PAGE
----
He did not have the right equipment nor did he know a lot about surviving in such conditions. Jim Gallien, the last person to to Chris McCandless, described the terrain saying “The rivers are big and fast. The mosquitos will eat you alive….Livin’ in the bush ain’t no picnic (Gallien 4)”. As Gallien was on his way to drop McCandless off, he couldn’t help to realize that Chris was well unprepared for this journey and labeled McCandless as “People from the Outside”. Gallien describes the group of “People from Outside” (4), as individuals who see Alaska on a magazine and decide to go there to solve their current problems in life, only to underestimate the terrain and to find out that “it isn’t like the magazines make it out to be”(4) .
Khang Nguyen Jasmine Le Ms. Brooks English 4 P4 February 6, 2018 Socratic Seminar Critical Questions 1.Why did Frankenstein run from his creation? Victor is the type of person that cannot handle responsibility well. We first see this in Chapter 3, after his mother’s death, “My mother was dead, but we had still duties which we ought to perform; we must continue our course with the rest and learn to think ourselves fortunate whilst one remains whom the spoiler has not seized.” This can only make sense if he stays with his family, however, he decides to run to Ingolstadt. He later isolates himself at the school. This indicates that his nature is to run from the problem.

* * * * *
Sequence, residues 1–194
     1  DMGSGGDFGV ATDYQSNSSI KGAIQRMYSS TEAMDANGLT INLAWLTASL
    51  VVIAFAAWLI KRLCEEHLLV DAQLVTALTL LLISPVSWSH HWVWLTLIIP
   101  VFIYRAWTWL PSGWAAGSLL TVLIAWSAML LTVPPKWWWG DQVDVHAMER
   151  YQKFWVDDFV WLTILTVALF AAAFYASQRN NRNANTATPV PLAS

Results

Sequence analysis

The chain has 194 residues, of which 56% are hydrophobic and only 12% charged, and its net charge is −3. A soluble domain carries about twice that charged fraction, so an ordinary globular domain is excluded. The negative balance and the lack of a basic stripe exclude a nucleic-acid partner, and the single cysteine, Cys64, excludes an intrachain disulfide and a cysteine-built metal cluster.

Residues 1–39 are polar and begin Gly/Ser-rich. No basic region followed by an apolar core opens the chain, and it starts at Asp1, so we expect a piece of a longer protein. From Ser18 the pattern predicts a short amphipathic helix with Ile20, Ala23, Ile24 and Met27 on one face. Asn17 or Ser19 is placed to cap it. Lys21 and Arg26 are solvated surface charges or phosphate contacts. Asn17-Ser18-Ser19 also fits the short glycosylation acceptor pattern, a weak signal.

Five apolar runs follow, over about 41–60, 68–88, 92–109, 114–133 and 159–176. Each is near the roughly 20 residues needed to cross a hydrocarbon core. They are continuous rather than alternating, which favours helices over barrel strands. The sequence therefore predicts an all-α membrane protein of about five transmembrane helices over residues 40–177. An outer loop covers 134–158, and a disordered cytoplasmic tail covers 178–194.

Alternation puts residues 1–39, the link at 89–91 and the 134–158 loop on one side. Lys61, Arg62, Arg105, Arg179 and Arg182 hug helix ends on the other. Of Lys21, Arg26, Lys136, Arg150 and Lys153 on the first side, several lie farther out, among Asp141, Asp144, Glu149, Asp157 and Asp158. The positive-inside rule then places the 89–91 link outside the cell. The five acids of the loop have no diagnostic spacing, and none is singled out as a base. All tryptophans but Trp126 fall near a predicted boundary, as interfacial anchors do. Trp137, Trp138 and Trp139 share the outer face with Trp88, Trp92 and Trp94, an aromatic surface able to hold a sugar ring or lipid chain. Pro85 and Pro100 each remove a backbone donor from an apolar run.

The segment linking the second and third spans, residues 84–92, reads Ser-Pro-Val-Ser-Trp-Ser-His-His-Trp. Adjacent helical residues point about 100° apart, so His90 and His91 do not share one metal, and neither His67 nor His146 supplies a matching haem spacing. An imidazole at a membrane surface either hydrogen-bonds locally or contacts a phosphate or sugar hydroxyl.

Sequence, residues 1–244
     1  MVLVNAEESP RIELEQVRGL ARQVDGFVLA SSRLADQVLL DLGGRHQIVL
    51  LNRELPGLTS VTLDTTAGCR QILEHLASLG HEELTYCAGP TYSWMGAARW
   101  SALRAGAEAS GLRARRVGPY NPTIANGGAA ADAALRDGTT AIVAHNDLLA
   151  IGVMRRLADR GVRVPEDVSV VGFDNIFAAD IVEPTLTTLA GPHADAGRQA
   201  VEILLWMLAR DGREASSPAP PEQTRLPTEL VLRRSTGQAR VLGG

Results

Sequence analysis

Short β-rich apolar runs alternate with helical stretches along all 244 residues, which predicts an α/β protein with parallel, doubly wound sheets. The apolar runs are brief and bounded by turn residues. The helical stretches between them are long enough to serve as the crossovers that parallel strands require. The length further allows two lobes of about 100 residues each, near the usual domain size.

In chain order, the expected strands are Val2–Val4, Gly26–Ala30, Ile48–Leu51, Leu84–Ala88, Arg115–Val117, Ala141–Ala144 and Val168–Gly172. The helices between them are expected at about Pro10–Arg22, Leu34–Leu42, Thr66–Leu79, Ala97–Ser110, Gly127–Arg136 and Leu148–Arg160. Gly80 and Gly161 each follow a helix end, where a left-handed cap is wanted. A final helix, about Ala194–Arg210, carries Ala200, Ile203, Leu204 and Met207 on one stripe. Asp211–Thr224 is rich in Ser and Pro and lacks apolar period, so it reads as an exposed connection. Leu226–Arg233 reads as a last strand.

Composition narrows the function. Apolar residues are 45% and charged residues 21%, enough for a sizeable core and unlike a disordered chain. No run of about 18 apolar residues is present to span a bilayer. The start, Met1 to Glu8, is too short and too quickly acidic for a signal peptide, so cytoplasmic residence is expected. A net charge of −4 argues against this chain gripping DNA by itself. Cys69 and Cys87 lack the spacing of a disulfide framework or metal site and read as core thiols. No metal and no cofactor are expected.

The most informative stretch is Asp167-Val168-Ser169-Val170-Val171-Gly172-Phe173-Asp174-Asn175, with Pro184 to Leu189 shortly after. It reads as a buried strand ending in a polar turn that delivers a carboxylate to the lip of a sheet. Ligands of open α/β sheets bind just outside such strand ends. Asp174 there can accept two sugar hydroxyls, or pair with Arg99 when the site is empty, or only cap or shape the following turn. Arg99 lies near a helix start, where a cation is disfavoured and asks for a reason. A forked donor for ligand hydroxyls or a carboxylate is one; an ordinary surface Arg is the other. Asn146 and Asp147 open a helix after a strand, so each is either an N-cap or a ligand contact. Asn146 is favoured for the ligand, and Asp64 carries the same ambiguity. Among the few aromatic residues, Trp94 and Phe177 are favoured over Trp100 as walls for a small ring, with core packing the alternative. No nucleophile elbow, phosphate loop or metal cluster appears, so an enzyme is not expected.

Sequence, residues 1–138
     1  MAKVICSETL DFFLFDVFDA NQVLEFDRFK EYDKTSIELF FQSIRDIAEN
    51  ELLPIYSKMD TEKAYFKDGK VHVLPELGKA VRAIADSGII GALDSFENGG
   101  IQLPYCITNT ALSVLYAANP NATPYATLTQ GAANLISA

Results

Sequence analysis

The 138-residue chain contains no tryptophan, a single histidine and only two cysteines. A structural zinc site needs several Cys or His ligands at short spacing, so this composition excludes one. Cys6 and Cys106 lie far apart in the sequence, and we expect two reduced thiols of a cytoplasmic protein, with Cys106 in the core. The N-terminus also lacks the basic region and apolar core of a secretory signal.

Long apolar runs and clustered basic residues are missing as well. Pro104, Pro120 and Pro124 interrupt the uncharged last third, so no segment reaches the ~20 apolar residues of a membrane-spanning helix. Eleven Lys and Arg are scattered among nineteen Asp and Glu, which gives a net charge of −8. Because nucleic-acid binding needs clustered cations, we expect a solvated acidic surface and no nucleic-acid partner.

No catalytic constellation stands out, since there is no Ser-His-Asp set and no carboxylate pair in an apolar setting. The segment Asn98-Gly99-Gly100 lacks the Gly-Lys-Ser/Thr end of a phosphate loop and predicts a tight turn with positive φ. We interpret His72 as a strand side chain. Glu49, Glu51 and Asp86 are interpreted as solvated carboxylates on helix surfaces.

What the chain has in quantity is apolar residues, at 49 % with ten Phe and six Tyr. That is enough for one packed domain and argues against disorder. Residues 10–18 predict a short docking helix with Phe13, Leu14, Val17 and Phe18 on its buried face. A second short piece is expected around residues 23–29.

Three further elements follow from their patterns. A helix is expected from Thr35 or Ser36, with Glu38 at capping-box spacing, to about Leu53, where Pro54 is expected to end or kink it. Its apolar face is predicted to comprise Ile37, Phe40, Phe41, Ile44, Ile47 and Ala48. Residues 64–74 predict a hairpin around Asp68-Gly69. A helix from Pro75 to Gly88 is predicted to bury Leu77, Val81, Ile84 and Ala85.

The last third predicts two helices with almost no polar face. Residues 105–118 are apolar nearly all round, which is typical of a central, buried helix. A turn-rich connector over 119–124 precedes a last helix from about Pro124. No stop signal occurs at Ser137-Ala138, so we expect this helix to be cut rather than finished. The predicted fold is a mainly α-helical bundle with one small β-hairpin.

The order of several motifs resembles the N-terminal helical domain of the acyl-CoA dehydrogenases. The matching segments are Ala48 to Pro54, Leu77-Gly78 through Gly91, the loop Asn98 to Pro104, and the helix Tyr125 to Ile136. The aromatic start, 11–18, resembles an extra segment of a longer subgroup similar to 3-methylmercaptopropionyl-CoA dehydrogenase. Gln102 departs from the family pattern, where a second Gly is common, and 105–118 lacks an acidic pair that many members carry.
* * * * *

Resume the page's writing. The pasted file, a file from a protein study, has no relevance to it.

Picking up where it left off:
Into The Wild was a tremendous story which Shaun Callarman did not have many positive things to say about Chris McCandless, the main character. He went on this adventure to find out what life is all about in his own eyes. He wanted to see how different living in the wild really was compared to society because he was not satisfied with his living arrangements and household. Shaun’s quote says that he thinks “Chris McCandless was bright and ignorant at the same time. He had no common sense, and he had no business going into Alaska with his Romantic silliness.
Chris’ determination, self will, pursuit of happiness and the urge to break free are all explored. He did everything he could, so people wouldn’t be able to find him. Changing his name to Alex Supertramp, eliminating everything he had, and only taking things that he needs. Jon Krakauer's “Into the Wild” is an excellent book about how McCandless traveled to Alaska, and how he conquered his dreams. Krakauer also put some of McCandless’ journals and letters in the book.
McCandless planned to survive in Alaska by living off the land while Krakauer wanted to be the first one to climb the Devil’s Thumb. What happened instead was that McCandless died at an early age, whilst Krakauer barely made it to tell the tale; proving nothing of value came from their journeys. While life on the road can offer solace to individuals who have struggled in their lives, it is unfathomable to think that the wilderness will offer them any embrace to their ambitions; therefore it should not be pursued as it leads to family issues and ignorant behavior. Life on the road can provide one with a sense of independence from the confines of society. For example, Chris McCandless decided to escape the societal